Jaguar XF Sportbrake 2.2 diesel (200 PS) Portfolio - First Drive

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The setting: a small race-track in Scotland.

The car: Jaguar’s new XF Sportbrake estate.

The exercise: execute an “elk test” style emergency high-speed lane-change manoeuvre. Twice – once with the car in an unladen state and once with a fridge in the back.

Car manufacturers, it seems, often resort to the white goods department at Currys when they have a point to make. Back in 2002, MG Rover, after it had been cast adrift by BMW, showed a design study called the Tourer Concept Vehicle (TCV) at the Geneva Motor Show. It was intended to demonstrate the beleaguered company was serious about pressing ahead with a badly-needed new mid-range car, and also to show-case its capabilities to potential partners and investors. The TCV’s most memorable feature? The ability to swallow a washing machine - and the car appeared at the show with the relevant prop in place.

In 2010, Volvo launched the V60 estate. It made a special point of emphasising the new car’s inability to accommodate a fridge as evidence that the company was moving away from the big, boxy traditional Volvo estates of old in favour of more lifestyley “sport tourers”.

With the XF Sportbrake there are no such compromises – the Jag’s extra size gives it the ability to carry a big fridge while still looking sportily stylish. And the test laid on by Jaguar for journalists at the Scottish race-track was designed to show that the new car can not only swallow large household appliances but that its dynamic behaviour is largely unaffected by a big load as well. The XF breezed through the swerve exercise with ease, regardless of whether the fridge was present or not.

And when you spend time with the XF Sportbrake, you can quickly get used to not having to choose between the ownership and consumption of cake. This car looks good, but it can carry big loads. It can carry big loads but it can still handle. It can handle but it still has great ride. It can go quickly but it doesn’t use too much fuel. It’s pitched against capable but comparatively unglamorous rivals such as the BMW 5-Series and E-Class estates, but its novelty and great looks mean it can be bracketed with Mercedes’ more expensive CLS estate for impact and style, and so on.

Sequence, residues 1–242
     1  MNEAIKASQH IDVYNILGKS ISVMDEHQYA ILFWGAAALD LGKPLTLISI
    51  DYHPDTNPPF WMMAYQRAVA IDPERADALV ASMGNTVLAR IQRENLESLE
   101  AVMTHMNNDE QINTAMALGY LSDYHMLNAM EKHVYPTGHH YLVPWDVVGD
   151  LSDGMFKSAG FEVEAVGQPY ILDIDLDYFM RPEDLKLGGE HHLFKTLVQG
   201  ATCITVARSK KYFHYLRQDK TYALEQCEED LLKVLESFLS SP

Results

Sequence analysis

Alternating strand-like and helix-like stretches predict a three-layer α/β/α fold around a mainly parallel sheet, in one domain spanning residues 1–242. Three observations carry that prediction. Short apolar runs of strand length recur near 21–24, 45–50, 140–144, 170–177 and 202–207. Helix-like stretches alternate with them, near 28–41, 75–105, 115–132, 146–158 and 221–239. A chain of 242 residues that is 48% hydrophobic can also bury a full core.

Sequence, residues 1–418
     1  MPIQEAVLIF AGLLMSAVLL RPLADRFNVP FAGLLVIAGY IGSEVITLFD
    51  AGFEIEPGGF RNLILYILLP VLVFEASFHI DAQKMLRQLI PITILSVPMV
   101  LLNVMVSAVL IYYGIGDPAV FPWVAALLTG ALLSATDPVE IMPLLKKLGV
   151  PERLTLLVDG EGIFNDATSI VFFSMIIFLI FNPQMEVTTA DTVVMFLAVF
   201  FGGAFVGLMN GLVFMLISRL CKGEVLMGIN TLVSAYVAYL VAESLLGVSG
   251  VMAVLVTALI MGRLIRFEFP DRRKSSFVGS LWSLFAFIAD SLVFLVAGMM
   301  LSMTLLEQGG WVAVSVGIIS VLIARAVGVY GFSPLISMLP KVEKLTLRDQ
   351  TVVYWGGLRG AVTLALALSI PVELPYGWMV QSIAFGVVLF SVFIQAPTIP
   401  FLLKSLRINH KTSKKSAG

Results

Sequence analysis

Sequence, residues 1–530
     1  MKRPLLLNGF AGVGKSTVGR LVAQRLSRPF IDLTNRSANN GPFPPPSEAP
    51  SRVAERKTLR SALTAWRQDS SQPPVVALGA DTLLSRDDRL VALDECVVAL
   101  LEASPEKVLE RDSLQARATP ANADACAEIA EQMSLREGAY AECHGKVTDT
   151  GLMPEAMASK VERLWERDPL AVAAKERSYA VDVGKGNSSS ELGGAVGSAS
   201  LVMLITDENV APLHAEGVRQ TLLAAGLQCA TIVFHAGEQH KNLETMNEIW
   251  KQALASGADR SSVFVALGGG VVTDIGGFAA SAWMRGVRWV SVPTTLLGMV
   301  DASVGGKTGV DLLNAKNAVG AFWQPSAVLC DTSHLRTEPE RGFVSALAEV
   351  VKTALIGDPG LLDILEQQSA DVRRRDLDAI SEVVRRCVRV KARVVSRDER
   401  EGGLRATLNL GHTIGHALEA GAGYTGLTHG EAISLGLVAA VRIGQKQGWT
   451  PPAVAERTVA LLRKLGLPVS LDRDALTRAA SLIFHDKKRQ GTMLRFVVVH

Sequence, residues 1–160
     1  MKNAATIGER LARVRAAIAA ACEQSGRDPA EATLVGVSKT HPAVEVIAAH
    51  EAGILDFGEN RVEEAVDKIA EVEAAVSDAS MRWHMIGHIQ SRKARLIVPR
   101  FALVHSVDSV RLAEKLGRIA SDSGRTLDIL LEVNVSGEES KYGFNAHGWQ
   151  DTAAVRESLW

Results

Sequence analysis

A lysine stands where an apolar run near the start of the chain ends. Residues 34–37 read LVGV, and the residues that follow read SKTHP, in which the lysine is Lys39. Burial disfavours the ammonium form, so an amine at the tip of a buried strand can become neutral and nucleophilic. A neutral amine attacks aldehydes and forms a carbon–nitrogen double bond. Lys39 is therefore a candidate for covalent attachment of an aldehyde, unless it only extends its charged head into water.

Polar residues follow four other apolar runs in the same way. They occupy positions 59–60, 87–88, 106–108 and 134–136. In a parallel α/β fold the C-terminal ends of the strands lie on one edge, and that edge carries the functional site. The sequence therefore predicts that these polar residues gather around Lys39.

Two engines are on offer – both diesels. One, a 2.2-litre four-cylinder, is available with either 163 or 200 horsepower. The other, a three-litre V6 comes with either 240 or 275 PS. I tried the more powerful version of each and both did a good job of moving the XF Sportbrake quickly down the road – although they are quite different in character. The 2.2-litre is quiet, refined and quite strong but its four-cylinder engine–note can sound a bit ordinary. The 3.0-litre V6 provides the sort of cultivated burble from under the bonnet you’d have expected from a Jag in the old days and a bit of an edge over the smaller engine in terms of effortless ness that isn’t entirely captured in the differences in the performance figures for the two options.

Estate body shell and load-carrying apart capacity apart, the Sportbrake feels much like the saloon. The addition of the rear tailgate and the extension of the roof-line have been carried out especially skilfully. Jaguar’s design boss Ian Callum has explained the challenges involved – apparently the XF saloon tapers inwards quite a bit at the back in plan but the rear of the Sportbrake had to be widened out instead – while using much of the same bodywork, including the lower part of the rear side doors. You’d never guess.

Mr Callum had a surprise for the first group of journalists to try to Sportbrake – the unveiling of a beautiful Jaguar speed boat design concept. It was displayed on a long trailer hitched up to a Sportbrake and the entire ensemble looked terrific. Perhaps, for his next effort, he could do a Jaguar fridge as well.

Jaguar XF Sportbrake 2.2 diesel (200 PS) Portfolio

Engine: 2.2-litre turbo-charged four-cylinder diesel

Transmission: eight-speed automatic

Power: 200 PS at 3,500 rpm

Torque: 450 Nm at rpm

Fuel consumption (combined cycle): 55.4 mpg*

CO2 emissions: 135 g/km*

Top speed: 134 mph

Acceleration (0-62 mph): 8.2 seconds

Price: £44,690 (Sportbrake prices from £31,940)

*figures for cars fitted with 17-inch wheels

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<b>Kathryn Williams</b>
When I was supporting Ray La Montagne I was six months pregnant. He had been touring for a year and he was exhausted and full of the cold. I was feeling motherly, so I would leave presents for him and his band: Tunnock's Tea Cakes, cold remedies and proper tea. Ray seemed painfully shy. He hardly spoke, hardly looked at you in the face. I felt like a dick speaking to him, but said "hi" every day. </p>
He was being courted by the same record company who had signed me and subsequently let me go, and I wanted him to know that there were people around who didn't want anything from him. At the Shepherds Bush Empire in London, on the last night of the tour, Ray stopped in his set to thank me for doing the support. He said I was a really good songwriter and people should buy my stuff. I was taken aback and felt emotionally overwhelmed. Later that year, just before I had my boy Louis, I was l asleep in bed with Radio 4 on when Louis moved around in my belly and woke me up. Ray was doing a session on the World Service. </p>
I really believe that Louis recognised the music from the tour, and when I gave birth to him at home I played Ray's record as something that he would recognise to come into the world with. </p>
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